A high school descends into violence, panic and unsettled grudges in Shepherd’s debut novel.
High school senior Brenna Rutherford is the all-American girl in her small town of Mount Vernon. She and her best friend, Van Halen Vaughn, are in the middle level of their school’s caste system—they’re popular enough—and have been together their entire lives. Brenna was raised by her uncle, the chief of police, whom she affectionately calls “Zio”; her single mother perished in an auto accident and begged Zio, her only brother, to watch over her infant daughter. At the beginning of the school year, an act of vandalism shocks the school: “Beware the wrath of a patient adversary” is spray-painted across the lockers of a number of well-liked students, Brenna’s included. From there, the incidents intensify—the school library is ransacked, a teacher’s car is destroyed, and Brenna and Van find a fellow student badly beaten in a boys’ bathroom. Vowing to conduct their own investigation—against Zio’s wishes—Brenna and Van evaluate a list of student suspects and collect evidence. More attacks occur, each more violent than the last, and students begin to take sides against the offender. Can Van, Brenna and Zio figure out the attacker’s identity before they become targets? Dripping with allusions to current events, the plot is smart, gripping and scarily realistic, with a true twist ending. The violence is unsettling but wholly necessary to understand the assailant’s rage. The tone of the novel could easily have taken an all-out depressive turn, given the school-violence subject matter, but the moments of tension are broken up nicely with scenes of Brenna and Van’s friendship. Like the lead characters from the 1989 film When Harry Met Sally…, the two together are definitely greater than the sum of their parts. Their conversations, though, are a relatively weak part of the work; today’s teenagers may be smarter than elders make them out to be, but they don’t speak the way that Brenna, Van and their classmates do. Real teens’ vocabulary may not be lacking, but the speaking styles here are reminiscent of the TV show Dawson’s Creek’s colloquial acrobatics (in which Dawson Leery seemingly read the Oxford English Dictionary as a bedtime story). The end of the work doesn’t completely tie up the story, leaving room for another needed, and deserved, novel.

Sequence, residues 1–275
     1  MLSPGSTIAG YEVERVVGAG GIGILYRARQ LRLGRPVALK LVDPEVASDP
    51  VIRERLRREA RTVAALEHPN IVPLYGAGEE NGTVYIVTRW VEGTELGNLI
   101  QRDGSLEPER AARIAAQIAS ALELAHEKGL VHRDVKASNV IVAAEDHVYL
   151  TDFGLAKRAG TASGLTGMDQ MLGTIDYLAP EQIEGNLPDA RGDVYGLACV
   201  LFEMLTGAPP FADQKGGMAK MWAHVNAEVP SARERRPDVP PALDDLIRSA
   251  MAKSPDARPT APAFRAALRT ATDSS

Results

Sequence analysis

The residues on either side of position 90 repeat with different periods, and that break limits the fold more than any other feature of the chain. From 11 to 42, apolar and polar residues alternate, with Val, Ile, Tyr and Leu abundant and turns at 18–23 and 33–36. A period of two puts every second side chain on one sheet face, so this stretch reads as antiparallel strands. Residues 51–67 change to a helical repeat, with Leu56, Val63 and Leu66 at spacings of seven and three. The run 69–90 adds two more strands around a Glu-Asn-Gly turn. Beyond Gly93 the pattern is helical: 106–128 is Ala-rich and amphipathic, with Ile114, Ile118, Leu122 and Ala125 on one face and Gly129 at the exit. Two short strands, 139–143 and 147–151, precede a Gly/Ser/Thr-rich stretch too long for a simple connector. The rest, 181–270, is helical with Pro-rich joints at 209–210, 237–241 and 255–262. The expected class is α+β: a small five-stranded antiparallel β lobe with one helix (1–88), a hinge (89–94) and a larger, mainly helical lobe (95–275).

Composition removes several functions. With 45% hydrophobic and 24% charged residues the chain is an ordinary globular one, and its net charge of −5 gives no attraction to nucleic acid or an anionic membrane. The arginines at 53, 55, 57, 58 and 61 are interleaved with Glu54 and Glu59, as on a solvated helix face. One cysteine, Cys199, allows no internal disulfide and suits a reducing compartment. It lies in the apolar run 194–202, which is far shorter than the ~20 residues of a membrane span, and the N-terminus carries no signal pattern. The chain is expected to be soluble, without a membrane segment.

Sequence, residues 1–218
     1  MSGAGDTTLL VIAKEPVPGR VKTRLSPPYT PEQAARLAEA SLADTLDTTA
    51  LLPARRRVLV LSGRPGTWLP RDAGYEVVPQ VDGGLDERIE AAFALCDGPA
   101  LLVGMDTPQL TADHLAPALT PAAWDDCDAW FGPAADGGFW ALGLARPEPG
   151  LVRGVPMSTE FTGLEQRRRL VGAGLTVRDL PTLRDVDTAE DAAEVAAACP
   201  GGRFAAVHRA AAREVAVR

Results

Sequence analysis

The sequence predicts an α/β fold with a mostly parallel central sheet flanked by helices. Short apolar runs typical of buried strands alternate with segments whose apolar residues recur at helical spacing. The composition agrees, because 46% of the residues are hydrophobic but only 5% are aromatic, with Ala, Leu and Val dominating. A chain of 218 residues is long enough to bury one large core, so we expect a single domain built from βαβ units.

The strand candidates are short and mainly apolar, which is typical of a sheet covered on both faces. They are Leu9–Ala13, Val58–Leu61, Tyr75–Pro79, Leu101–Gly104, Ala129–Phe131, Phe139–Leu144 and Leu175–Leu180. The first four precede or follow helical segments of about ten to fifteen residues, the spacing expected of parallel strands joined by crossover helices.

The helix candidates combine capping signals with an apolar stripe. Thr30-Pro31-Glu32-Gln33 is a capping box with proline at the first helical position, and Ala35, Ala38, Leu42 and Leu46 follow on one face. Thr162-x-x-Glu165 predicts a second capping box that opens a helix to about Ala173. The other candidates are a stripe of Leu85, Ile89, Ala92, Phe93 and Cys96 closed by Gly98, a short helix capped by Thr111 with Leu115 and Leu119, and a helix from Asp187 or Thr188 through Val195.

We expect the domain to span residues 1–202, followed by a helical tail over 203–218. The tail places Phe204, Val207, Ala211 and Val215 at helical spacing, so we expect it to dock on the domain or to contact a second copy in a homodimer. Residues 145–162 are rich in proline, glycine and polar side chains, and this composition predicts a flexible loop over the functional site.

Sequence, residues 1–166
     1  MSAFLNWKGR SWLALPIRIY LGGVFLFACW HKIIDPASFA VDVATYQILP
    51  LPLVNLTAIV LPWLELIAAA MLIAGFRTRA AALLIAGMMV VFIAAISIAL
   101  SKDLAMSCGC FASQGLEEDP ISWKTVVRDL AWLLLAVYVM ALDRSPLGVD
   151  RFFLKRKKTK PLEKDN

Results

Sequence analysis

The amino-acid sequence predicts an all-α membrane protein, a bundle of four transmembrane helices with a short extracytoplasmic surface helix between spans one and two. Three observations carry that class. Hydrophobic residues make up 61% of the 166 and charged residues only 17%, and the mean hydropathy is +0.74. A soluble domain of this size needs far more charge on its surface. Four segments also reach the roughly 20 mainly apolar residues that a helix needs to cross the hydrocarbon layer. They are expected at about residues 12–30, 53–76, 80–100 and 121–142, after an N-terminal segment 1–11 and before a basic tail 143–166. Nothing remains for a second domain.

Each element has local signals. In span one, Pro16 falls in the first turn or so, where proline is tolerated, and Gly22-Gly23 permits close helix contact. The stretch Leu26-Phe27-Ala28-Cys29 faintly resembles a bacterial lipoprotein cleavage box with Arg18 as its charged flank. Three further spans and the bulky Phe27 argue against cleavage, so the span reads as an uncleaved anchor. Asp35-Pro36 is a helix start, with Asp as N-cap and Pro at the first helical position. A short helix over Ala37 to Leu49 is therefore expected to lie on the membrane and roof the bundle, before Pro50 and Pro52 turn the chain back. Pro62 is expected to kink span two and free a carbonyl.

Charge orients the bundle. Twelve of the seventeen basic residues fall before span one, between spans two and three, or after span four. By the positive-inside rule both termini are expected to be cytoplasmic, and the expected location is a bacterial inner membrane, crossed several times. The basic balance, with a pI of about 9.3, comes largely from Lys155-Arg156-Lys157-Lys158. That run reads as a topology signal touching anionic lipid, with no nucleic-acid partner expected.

A thrilling, unsettling novel about the secrets of a small town.